I was reading the current issue of Fortune Magazine and there is a regular section in the Technology pages called ‘The Best Advice I Ever Got‘.  This week I particularly enjoyed the tips that were shared by Mike Splinter, CEO of Applied Materials (NASDAQ:AMAT) in California.  In my opinion he has really hit the nail on the head in terms of some of the characteristics and key behaviours of true leaders.

Mike first speaks about the best advice he ever got, from former Intel CEO Andy Grove.  Grove was giving a talk to new management hires trying to provide them with some foundation and understanding of the Intel culture.  In his talk he told them to “always assume it’s your responsibility.”

Always assume it’s your responsibility.

What a great concept and an incredible underpinning for a corporate culture.  What if everyone in your business assumed that everything was their responsibility?  As a small store owner can you imagine a world where all of your employees took it upon themselves to sweep the floor, pick up that piece of paper that has been sitting under the racks from a previous customer, or folded the messed pile of clothes from the dressing rooms regardless of whether they were a part-timer, keyholder, or manager?

According to Splinter, the power of this statement is that it “creates specific action and works across almost any situation, from picking up garbage on the floor to a new product idea.”  Empower your employees to assume everything is their responsibility and you will see how quickly the line will appear between those that you want on the bus with you and those that need to find a new ride.

More Great Advice

Mike continues by providing his own top tips:

  • Engage Your Audience
    When you are talking with a group give your audience a challenge.  It will make your presentation more enjoyable and keep their attention as they work to complete the challenge.
  • Stay Connected
    Read every one of your emails regardless of where they are from.  You need to be in touch with every level of your organization to be a truly effective leader.
  • Get Others Involved Early
    If you get your team involved in the planning and strategy phases you are much more likely to be successful engaging them and gaining their buy in when you need to execute.
  • Recognize Good Work
    Send a personal note to recognize the extra effort made by your employees.  As in all types of praise you need to make sure you are rewarding that ‘extra’ effort and not just meeting the expectations, but a personal note from the leader (regardless of the employees layer in the company) has as much meaning as any other reward you can bestow on them.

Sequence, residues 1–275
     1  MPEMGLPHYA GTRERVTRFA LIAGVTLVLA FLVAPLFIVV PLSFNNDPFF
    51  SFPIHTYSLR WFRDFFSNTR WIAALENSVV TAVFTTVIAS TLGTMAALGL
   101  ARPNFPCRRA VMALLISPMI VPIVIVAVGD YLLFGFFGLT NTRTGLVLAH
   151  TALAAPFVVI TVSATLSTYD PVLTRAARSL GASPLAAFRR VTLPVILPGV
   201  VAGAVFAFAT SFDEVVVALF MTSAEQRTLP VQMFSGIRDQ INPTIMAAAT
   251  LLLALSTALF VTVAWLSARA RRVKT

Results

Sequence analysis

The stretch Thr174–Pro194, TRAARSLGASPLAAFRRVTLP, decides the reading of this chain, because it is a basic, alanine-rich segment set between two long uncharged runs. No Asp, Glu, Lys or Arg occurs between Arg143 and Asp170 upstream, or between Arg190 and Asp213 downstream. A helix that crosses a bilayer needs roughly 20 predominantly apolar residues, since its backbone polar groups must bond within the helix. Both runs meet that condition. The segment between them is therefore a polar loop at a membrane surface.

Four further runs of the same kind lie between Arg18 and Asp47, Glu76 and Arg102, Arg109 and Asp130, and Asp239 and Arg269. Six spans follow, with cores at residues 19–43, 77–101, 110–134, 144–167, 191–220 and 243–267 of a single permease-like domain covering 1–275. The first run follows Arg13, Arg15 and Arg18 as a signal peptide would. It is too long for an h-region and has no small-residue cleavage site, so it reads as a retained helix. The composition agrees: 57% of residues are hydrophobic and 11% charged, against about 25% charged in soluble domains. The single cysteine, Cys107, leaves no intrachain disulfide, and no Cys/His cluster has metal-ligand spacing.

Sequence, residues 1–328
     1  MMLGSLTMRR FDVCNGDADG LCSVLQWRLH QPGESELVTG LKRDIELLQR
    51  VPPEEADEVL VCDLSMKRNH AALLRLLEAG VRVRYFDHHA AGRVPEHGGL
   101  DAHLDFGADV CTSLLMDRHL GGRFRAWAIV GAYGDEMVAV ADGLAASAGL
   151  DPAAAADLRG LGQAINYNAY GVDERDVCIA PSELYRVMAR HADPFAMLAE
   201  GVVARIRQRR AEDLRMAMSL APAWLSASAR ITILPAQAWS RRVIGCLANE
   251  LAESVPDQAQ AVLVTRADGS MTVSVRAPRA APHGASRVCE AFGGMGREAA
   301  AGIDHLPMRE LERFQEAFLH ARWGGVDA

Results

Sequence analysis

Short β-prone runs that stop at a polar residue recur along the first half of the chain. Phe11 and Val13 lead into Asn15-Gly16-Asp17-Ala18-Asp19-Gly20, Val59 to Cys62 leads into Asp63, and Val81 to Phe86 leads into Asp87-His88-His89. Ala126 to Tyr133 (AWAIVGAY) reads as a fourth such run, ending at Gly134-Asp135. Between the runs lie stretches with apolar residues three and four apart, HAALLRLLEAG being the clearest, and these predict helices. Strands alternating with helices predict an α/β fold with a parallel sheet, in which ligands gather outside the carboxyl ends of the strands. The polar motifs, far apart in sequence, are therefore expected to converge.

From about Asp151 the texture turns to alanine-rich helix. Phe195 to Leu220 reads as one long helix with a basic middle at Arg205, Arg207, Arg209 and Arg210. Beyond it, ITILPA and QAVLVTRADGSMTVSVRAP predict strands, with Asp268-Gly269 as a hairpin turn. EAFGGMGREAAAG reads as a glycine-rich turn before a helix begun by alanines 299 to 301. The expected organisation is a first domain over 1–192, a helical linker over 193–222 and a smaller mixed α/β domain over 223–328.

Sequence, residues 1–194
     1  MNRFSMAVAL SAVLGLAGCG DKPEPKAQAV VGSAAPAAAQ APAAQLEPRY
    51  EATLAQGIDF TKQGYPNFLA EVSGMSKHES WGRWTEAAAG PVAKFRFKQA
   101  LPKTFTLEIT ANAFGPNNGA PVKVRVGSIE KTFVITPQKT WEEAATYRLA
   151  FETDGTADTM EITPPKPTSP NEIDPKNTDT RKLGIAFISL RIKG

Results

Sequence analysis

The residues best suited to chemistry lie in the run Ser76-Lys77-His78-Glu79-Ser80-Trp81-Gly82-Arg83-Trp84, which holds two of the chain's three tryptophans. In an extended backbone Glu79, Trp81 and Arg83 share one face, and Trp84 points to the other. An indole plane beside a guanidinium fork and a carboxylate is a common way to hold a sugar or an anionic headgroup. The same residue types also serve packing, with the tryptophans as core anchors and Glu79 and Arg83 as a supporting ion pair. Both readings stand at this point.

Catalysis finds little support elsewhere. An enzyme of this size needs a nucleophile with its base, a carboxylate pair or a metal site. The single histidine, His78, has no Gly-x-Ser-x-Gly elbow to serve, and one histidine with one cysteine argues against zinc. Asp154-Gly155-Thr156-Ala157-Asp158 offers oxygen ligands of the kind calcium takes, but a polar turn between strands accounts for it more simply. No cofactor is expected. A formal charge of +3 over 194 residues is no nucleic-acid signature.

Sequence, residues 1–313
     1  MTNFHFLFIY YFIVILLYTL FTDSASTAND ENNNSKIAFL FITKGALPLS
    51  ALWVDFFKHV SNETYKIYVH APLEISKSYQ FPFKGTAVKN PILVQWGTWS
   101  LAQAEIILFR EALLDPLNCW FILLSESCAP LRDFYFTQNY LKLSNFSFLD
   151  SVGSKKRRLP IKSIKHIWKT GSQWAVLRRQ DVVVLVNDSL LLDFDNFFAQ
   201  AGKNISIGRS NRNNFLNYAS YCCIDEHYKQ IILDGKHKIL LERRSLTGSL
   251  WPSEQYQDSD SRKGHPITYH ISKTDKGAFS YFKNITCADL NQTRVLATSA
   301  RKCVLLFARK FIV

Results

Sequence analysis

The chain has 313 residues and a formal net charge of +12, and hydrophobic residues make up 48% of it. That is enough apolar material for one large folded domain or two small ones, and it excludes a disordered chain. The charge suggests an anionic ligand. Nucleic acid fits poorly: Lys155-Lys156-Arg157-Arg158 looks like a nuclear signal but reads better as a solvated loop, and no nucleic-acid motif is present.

• Know Why You’re Meeting
    A personal pet peeve of mine is the meeting that goes nowhere from the start.  You need to make sure that everyone in the room understands why they are there and what specific outcome you are looking to achieve from the meeting in the time you have together.  On this topic I highly recommend reading “Death by Meeting” by Patrick Lencioni.
  • Streamline Your Schedule
    You can’t be everything to everyone in your day if your business is going to be successful.  Identify the value that you uniquely bring to your business and delegate the other tasks to those better suited to completing them effectively.  A great book on this topic is “Getting Things Done” by David Allen.
  • Balance Your Risk
    Understand where you fall on the risk scale and offset your position with the people around you.  Mike considers himself a risk taker so he has selected a particularly conservative CFO to help keep him in check and ask the hard questions before he exposes the company.

Being a leader within your own company is a vital part of being an Entrepreneur.  If you aren’t the type of person that can beat the drum and rally the troops then it is important for you to recognize that and find someone to work with you that can.  One key characteristic of all of the great companies over time has been the existence of a strong leader at the top.  Jack Welch (and now Jeff Immelt), Bill George, Andy Grove, Mike Splinter, Bill Gates, and the list goes on.

There are a lot of great books out there that can help you to identify the behaviours you need to be successful.  Watch for a future blog post that will highlight some of my favourite reads.

I’d love to hear your own story about ‘the best advice you ever got’.  Comment and share!

About Tim Empringham, MBA
Tim Empringham is a passionate advocate for Innovation in organizations of all sizes as a mechanism to drive growth, create uncontested market space, create new customer value, and drive efficiency into the internal organization. His focus is on disruption of thinking and markets through integrative thinking, structured Innovation frameworks, and leadership development of Innovation and Change leaders within the organization.

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